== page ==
8 Foods to help you get a good night sleep

By: healthiguide.com
 Some foods help you get to sleep
Some foods help you get to sleep
Shares

Sleep is critical to health for a number of reasons. It gives a lot of the body’s hardest working organs (heart, lungs, kidneys etc.) a much-needed rest, and more effectively allows for the repair of damaged tissue.

While you won’t find much argument against the necessity of sleep, that fact still doesn’t ensure that most people are getting the sleep that they need.

Commitments such as work, workouts, and other factors can really make it difficult to find time for rest, or to get a good night’s sleep at the end of the day. Fortunately, food can help.

By now, you certainly know that some foods are bad for your sleep. High sugar foods can keep you up all night. The same is true for caffeinated beverages.

Really heavy or spicy meals can sit in your stomach and leave you feeling bloated, nauseous, or lead to heartburn. As such, it is better to avoid these foods near bedtime if you’re interested in getting some shut-eye.

However, there are other foods that can actually contribute to a good night’s rest. Consider eating some of these foods at bedtime instead, and see how well you sleep as a result:

8. Walnuts

All in all, nuts are a pretty great food option. When it comes to bedtime efficacy, walnuts can help you get to sleep easier due to their melatonin content.

Melatonin is an important hormone that is produced in the body, critically linked to the sleep-wake cycle, which in turn is associated with darkness and light.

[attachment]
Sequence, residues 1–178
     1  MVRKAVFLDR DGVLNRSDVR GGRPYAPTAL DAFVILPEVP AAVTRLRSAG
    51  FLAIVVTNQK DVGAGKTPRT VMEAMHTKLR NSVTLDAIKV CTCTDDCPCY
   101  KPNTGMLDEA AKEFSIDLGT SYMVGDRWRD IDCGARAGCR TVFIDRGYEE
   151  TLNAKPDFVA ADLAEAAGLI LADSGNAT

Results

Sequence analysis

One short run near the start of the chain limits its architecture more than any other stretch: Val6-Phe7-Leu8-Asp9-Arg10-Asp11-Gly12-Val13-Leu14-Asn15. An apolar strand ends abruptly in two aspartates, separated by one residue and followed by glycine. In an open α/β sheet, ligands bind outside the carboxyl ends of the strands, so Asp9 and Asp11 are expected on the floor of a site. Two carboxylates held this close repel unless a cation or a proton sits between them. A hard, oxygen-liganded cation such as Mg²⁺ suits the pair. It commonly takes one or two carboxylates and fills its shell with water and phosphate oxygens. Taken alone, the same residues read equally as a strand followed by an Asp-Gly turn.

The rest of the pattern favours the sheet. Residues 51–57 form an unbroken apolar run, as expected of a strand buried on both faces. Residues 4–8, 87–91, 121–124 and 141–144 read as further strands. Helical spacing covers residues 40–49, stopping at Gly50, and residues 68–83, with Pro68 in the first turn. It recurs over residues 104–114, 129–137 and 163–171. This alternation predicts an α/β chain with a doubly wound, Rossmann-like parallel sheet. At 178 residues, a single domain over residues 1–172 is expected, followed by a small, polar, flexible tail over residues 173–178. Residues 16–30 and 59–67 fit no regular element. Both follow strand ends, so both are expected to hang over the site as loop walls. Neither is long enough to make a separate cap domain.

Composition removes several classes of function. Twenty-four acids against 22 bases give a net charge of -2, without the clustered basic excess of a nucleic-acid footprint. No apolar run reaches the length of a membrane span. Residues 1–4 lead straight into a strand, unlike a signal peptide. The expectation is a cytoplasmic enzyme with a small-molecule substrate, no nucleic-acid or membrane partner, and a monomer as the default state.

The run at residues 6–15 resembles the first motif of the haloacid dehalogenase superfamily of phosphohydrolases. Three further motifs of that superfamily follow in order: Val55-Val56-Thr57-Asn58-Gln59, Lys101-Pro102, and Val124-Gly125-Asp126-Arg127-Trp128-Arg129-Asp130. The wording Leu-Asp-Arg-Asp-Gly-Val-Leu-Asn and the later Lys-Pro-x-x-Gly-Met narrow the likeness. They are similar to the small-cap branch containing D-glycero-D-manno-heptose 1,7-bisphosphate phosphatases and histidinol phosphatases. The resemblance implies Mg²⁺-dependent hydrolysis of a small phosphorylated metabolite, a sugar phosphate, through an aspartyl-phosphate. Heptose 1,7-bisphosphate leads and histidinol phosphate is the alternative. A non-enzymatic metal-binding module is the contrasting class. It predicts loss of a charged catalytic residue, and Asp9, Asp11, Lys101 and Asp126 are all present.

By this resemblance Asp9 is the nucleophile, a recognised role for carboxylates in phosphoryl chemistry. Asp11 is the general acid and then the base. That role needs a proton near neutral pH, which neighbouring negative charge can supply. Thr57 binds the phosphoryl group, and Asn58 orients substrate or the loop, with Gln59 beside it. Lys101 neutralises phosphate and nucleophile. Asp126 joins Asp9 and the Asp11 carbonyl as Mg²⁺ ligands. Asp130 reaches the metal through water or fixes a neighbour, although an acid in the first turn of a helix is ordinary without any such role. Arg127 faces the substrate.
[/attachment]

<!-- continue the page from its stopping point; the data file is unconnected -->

You can make walnuts part of your winding down routine as a cue to let your body know that it is time for bed.

Additionally, walnuts offer good levels of protein, as well as healthy fats, which will help you feel sated and sleepy.

7. Salmon

Salmon is another food that contains significant levels of healthy fats. In fact, omega-3 fatty acids are critical for brain health and development.

However, studies have also linked omega-3 to a higher quality of sleep. This seems to be because of an interaction between the omega-3 and melatonin, which causes the former to make the latter more effective.

When you factor in the protein content, as well as other vitamins and minerals in the salmon, you’ve got yourself one overall healthy food.

Ultimately, you’ll want at least three ounces of salmon three times weekly, but there’s room for more.

6. Eggs

You might think of eggs primarily as a breakfast food. However, they are a convenient anytime snack, especially with a bit of foresight and some hard boiling.

What makes eggs so magical? The answer seems to be related to the Vitamin D content, which is actually hard to come by.

It is unknown exactly what Vitamin D has to do with getting high-quality sleep, but the link is there; a study has identified those who suffered from Vitamin D deficiencies ended up getting less sleep than those who were not deficient, due to a higher prevalence of sleep disruption.

5. Milk

You’ve probably heard of using a warm glass of milk to put a child to bed. There’s a reason for that—it works. Milk contains tryptophan, an amino acid that can induce feelings of sleepiness.